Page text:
At Omaha, when the Bulldogs trailed North Dakota 2-1 through the third period and only three and a half minutes remained, Cole Koepke scored with a bullet from deep on the right side. The play started when the puck went around the boards through the right corner, and somebody came speeding up the boards to beat the Hawks defense to the puck, then made a great move to escape the corner, and fed Koepke for the tying goal with 3:25 left. Making the pinch-in move from right point is the sort of play Perunovich would have made on his way to the Hobey Baker Award last year, but he’s gone; the play was made by Nick Anderson. Nick Swaney got the additional point with a blast into the upper right as the third man in the shootout. Fanti, who made a sparkling lung and poke check on North Dakota’s second try, smothered the third one, and UMD stayed undefeated.

“I’ve told our guys to enjoy every game down here,” Sandelin said, after beating Denver 4-1. “Because we don’t know what will happen in the second half.”

At this point in the season, the national ratings mean nothing, and while it seemed UMD had a chance to jump up from No. 2 to No. 1, that honor went to the University of Minnesota, which has an 8-0 record and is in clear command of the Big Ten conference race. The Gophers have speed and depth and skill, and they’ve swept Penn State, which lost all its scoring from last year’s championship team, Ohio State, which was solid, then hit the road to sweep at Michigan State, where the Spartans put up little resistance, and then at Michigan, where both teams had lost multiple players to the U.S. Junior team’s tryouts. But if the Big Ten has better PR with the national voters than the NCHC, it won’t matter when they face NCHC teams. If Minnesota’s eight games had been against UMD, Denver, North Dakota and St. Cloud State, the Gophers would not be undefeated.

Vikings up against it

As suggested here last week, the Vikings seem to generate tremendous accolades when they beat anyone, but face the reality of being less successful when facing a defense that can make life miserable for Kirk Cousins and force him to scramble. Tampa Bay’s defense smacked Cousins repeatedly, and the Vikings fell 26-14. The Buccaneers hit Cousins 12 times last Sunday, which means he has been hit 26 times in the last two games.

That leaves the Vikings three games to get back up to .500 from their 6-7 record, and after Chicago comes to Minneapolis this weekend, the Vikings go to New Orleans, then to Detroit. Chicago had lost six games in a row to fall from the top of the league, but just in time for the Vikings, the Bears snapped the skid with a resounding 36-7 rout of Houston, as Mitch Trubisky threw three touchdown passes, and the Bears moved up to — you guessed it — a 6-7 record. You think the Bears will try to make constant contact with Cousins this weekend? So do I.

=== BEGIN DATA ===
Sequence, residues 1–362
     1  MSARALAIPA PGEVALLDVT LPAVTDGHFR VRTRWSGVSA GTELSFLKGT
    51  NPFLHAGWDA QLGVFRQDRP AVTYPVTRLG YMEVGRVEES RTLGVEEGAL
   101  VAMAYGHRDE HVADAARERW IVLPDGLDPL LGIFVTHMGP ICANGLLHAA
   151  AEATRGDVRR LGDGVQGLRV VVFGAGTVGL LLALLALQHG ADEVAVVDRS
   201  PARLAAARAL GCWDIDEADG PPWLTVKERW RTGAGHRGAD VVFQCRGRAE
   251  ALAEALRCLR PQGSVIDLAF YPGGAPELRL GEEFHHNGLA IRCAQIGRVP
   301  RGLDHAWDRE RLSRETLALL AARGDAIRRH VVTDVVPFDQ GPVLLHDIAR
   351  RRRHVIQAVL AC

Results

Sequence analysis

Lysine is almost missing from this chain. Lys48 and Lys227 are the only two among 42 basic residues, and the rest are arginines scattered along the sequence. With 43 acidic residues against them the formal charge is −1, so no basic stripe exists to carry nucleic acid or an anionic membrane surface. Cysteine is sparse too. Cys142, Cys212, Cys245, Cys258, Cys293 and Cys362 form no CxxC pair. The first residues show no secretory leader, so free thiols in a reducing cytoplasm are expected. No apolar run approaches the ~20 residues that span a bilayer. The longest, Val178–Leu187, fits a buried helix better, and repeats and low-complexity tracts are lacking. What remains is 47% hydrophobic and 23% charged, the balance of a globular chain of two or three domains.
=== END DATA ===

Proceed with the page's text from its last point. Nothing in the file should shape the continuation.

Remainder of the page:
The Big Ten made a couple of surprising moves, incidentally, first voiding their own guidelines saying that any team had to play a minimum of six games to qualify for the league playoff game and any future playoffs. Ohio State, the big favorite in the Big Ten, was going to end up with five, so the conference ruled to allow the Buckeyes to play Northwestern as the divisional playoff game for the Big Ten championship. That seems like a good move, but instead of Ohio State playing Cinderella Northwestern, the playoff would have been Northwestern against Indiana in a match of two Cinderella teams.

It followed that the conference also should allow Minnesota and Wisconsin to reschedule their game, cancelled for the pandemic as the first interruption for the nation’s longest running rivalry. They will play this weekend too, and the Big Ten was probably shamed into it by their action on Ohio State’s behalf.

League political structures don’t always know best. Washington was supposed to face Oregon in a game last Saturday to decide which of them would win the Pac-12 North title and earn the right to face Southern California for the league championship this Saturday. But Covid-19 problems scratched that game, and the league voted to send Washington to the title game. But only 36 house after making that decision, Washington had to bail out of the game because of the pandemic, so now Oregon will face Southern Cal Friday night at the Los Angeles Coliseum.

Southern Cal is undefeated only because of a narrow escape over UCLA in the 90th meeting between the two. Coach Chip Kelly, who perfected the quick-play, no-huddle offense at Oregon a decade ago, now has UCLA playing that way and the Trojans jumped ahead 14-0 against USC. The Trojans came back impressively after trailing by 18 points late in the third quarter, and took an ultimate 36-35 lead with 8 minutes left. UCLA appeared stopped on downs next, but the Bruins came up with a 44-yard field goal by llNicolas Barr-Misa with 52 seconds remaining to reclaim the lead at 38-36. On the ensuing kickoff, though, Darin Bryant sprinted for a 55-yard return, and USC hustled in for a touchdown after a big pass play to give them a first and goal at the 8, setting up a perfectly executed touchdown pass for a 43-38 Southern Cal lead. Undaunted, UCLA gave it one more shot, with 30 seconds to go. UCLA reached their own 40 with 9 seconds left, then connected again at the USC 42 with 0:02 on the clock. A hail Mary pass to the middle of the end zone was batted down, and Southern Cal won 43-38.